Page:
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that finland helps ukraine defend its own independence. that is the reason but -- behind the material aid. the situation was for recent developments. there was no real active debate on nato membership in finland and that has now started. it started in december when russia started to make these demands. it has become active and seems to be the case also that there is far more public support for joining. i see it as a consequence of these russian actions, which clearly shows in this discussion. kailey: a lot of the conversation is about this idea of the potential finland-ization of ukraine. i wonder what parallels you see between what is happening now on what happened in the cold war. >> it is a different situation now. in the cold war, we retained
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independence and were never occupied. we always had our own policies and also some other steps. this was a historic situation which cannot really be repeated in ukraine. i think we have seen it in the last many days. ukraine is a european country. they have shown they are capable of defending their own and they are a fully fledged country in europe. they have a right to decide their own foreign policy. guy: in terms of what is happening on the ground now, there is increasing concern in the baltics, your neighbors, that we may see russia pushing further. what is helsinki's perception of what is happening? how near do you see the threat being to finland's borders now? >> our borders are quiet at the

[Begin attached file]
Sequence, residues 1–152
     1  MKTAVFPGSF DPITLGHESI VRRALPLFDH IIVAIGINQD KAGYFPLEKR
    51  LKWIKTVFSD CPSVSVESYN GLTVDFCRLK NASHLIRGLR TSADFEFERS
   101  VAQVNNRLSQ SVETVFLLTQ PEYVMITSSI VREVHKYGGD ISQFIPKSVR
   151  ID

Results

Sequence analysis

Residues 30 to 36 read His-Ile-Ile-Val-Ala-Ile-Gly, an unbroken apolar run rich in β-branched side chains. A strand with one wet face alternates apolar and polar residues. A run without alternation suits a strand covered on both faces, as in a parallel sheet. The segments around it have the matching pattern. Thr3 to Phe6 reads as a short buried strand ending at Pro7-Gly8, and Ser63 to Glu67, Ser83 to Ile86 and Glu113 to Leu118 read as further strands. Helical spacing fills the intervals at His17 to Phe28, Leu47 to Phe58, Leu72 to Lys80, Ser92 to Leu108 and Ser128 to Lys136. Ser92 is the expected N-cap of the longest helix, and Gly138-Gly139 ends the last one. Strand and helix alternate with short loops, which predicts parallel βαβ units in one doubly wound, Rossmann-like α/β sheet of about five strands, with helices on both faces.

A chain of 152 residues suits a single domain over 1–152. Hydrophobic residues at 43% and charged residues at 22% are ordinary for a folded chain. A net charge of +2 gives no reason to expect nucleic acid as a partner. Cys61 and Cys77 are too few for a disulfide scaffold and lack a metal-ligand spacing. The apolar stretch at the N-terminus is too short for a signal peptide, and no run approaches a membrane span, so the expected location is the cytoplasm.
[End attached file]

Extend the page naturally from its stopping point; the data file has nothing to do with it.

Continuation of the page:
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moment. most of the russian forces are now in or around ukraine, so we do not see any immediate threats against finland. our armed forces are monitoring the situation carefully. we do not see any direct threat. we see a conflict in europe and ukraine and we have to really take seriously the consequences not only in ukraine but bradley. kailey: we have about 30 seconds left. do you think vladimir putin's ambitions end with ukraine? >> i think he has been pretty open. they want to have ukraine as they see it as a kind of dependent country on russia which could not have a full right to decide their own fate. kailey: we have to leave it
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there, but thank you for joining us. that is finland's ambassador to the u.s.. we will continue this conversation on geopolitics between russia and ukraine. a former u.s. ambassador to china will join balance of power on bloomberg television and radio. that is coming up in the u.s. we will also have a great program on london dab digital. guy: we will discuss that as the cable progresses. we will take to the air over here on europe on digital radio. you can also find us on your bloomberg devices and the podcast on spotify and itunes. this is bloomberg. ♪
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>> from the world of politics into the world of business, this
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is "balance of power," with david westin. >> from bloomberg world headquarters in new york to tv and radio audiences worldwide, welcome to open balance," i'm joe mathieu in for david westin. we begin with the latest from ukraine where heavy fighting is ongoing even as the countries meet for talks. president zelensky saying the next 24 hours will be key to the fate of the country. for more we have our washington correspondent who is with us at the white house. thank you for being here. we are on day five now and in some cases the fighting has grown intense and there is a large concentration of russian troops 15 to 20 miles north of the capital city of kyiv. ukraine could be in for